- Day 6: Job application (~hour): Search for "Python Job", check LinkedIn Job and local job search websites. Choose 3 job positions and send a job application. Customize your resume for each job. Find out 2 to 3 things you don't know in each job requirement and learn them in the next 3-4 days.
- Day 7: Learning in rejection (~hours): Every time you are rejected, find out two things you should know to get the job, and then spend 4-5 days to master them. In this way, every rejection will make you a better developer.
Prepare for work
The reality is that you can never be 100% ready for work. All you have to do is to be proficient in one or two things, and familiar with other things, and finally pass the interview. Once you start working, you will learn a lot during the work process.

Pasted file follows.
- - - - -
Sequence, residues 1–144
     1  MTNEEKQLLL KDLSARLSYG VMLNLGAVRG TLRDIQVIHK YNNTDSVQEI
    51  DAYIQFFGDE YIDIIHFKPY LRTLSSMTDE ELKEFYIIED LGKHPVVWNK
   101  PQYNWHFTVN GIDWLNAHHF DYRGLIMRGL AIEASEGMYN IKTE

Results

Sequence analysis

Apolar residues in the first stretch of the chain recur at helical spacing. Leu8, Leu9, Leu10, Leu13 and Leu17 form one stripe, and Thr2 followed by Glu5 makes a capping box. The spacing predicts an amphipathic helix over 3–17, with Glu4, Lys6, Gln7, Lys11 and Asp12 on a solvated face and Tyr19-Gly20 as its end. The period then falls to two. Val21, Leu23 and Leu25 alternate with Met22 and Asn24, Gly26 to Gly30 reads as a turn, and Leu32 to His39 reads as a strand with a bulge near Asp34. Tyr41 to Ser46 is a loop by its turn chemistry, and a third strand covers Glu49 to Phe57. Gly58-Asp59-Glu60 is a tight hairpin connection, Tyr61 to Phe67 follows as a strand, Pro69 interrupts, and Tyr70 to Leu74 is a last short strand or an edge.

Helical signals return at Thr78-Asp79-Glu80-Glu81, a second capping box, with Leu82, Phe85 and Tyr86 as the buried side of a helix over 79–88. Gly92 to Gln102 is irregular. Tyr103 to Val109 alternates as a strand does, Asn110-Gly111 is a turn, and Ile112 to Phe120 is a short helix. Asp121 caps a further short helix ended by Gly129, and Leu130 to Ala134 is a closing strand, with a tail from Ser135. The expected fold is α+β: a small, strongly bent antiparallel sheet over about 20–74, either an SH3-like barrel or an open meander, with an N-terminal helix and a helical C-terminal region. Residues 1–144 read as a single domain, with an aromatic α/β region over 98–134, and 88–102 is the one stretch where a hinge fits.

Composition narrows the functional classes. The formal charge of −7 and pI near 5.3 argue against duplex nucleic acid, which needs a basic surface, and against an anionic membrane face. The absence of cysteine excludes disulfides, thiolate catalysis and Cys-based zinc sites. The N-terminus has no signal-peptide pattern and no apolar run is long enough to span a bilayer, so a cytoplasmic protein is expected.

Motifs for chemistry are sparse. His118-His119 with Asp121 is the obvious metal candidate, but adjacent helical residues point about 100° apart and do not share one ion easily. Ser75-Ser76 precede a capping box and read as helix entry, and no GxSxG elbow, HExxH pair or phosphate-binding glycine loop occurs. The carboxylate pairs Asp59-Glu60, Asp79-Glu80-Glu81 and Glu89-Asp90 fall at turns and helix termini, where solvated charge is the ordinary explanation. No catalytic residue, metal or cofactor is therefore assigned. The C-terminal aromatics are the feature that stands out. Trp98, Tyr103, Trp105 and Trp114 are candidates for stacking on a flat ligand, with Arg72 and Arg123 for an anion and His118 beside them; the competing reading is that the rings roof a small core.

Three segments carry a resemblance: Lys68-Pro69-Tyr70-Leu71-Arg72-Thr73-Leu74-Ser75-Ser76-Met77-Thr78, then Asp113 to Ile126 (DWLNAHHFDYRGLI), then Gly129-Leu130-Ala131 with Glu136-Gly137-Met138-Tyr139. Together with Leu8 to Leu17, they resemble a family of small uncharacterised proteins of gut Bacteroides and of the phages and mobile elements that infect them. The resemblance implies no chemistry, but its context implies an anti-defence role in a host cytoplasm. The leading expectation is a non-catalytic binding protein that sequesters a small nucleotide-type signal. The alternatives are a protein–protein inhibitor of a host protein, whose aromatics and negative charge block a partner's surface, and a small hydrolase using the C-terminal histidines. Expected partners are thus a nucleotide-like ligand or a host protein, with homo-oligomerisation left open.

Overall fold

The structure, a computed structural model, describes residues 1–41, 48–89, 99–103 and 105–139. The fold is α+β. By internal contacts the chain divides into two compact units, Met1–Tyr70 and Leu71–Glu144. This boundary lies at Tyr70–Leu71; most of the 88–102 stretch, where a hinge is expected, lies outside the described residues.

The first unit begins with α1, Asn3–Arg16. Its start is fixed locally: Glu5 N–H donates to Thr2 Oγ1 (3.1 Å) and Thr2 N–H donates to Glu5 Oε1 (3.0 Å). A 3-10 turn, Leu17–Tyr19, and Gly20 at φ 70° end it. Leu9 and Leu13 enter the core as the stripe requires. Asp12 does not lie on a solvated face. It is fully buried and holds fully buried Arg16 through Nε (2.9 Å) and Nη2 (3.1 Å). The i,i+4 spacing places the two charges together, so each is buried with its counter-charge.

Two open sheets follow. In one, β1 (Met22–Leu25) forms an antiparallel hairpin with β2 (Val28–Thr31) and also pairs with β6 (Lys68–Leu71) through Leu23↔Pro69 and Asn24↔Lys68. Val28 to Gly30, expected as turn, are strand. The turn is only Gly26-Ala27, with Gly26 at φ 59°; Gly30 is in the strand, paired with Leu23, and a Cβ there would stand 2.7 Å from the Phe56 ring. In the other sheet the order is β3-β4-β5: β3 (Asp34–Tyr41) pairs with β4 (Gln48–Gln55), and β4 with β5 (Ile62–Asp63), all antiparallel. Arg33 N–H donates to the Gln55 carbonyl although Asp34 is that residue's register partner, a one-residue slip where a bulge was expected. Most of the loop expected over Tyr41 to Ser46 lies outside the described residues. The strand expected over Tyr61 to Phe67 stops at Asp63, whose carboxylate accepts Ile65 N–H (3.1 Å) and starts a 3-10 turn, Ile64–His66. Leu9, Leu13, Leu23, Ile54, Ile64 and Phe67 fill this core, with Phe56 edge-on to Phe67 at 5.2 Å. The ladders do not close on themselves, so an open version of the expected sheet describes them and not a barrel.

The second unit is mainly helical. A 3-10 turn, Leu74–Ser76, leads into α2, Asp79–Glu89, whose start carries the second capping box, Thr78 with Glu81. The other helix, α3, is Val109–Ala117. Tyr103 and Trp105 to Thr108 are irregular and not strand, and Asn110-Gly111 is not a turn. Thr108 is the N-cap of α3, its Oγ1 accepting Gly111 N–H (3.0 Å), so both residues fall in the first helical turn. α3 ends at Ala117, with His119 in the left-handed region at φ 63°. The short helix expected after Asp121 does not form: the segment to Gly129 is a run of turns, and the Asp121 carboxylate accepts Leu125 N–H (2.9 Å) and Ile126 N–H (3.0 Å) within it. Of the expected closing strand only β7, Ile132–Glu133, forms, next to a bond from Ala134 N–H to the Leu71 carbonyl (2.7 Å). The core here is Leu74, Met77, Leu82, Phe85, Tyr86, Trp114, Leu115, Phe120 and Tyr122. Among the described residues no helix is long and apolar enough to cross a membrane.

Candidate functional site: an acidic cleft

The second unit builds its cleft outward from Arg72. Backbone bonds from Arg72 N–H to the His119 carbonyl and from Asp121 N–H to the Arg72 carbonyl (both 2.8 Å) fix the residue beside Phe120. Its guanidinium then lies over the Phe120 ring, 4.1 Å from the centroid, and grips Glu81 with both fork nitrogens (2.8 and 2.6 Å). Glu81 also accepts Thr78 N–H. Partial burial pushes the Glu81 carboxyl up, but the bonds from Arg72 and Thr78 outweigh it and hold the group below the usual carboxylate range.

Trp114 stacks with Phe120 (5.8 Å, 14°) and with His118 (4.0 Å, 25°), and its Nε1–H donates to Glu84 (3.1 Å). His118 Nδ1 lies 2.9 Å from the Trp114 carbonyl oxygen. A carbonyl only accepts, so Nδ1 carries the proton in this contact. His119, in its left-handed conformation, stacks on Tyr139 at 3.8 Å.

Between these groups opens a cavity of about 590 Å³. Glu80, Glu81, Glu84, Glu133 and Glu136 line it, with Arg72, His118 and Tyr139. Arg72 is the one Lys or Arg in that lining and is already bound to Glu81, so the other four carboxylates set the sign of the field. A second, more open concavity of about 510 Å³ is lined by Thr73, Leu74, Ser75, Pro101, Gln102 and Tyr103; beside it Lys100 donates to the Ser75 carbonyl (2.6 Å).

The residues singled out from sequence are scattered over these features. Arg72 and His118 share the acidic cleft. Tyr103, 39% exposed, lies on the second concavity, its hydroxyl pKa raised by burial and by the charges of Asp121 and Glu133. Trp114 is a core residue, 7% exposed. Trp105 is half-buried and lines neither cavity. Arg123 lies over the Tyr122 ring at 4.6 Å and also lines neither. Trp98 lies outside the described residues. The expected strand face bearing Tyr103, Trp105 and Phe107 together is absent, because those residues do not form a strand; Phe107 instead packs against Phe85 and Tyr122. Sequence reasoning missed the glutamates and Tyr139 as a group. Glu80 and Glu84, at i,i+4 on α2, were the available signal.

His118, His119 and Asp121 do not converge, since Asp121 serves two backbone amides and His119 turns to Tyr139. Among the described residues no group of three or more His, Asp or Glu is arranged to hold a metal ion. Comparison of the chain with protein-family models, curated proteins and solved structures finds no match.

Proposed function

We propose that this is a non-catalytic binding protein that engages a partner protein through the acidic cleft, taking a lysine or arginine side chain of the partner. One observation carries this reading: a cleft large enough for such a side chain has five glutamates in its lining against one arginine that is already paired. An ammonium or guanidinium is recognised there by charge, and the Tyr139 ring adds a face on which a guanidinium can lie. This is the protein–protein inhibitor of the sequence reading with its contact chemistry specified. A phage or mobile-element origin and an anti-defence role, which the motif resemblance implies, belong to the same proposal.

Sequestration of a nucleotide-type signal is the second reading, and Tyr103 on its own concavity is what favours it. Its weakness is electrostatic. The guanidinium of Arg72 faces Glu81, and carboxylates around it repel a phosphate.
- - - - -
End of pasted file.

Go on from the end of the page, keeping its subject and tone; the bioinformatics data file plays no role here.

Enjoy the learning process
Learning is a process, and as long as you learn, there will be challenges. God pays for your hard work, the harder you work, the better you will become a developer.
If you can complete all the tasks within 28 days, you are a genius. However, if you can complete 60-70% of the content, you will already have the right characteristics to become a programmer.
Reference: https://cloud.tencent.com/developer/article/1534284 One month from entry to proficient in Python! -Cloud + Community-Tencent Cloud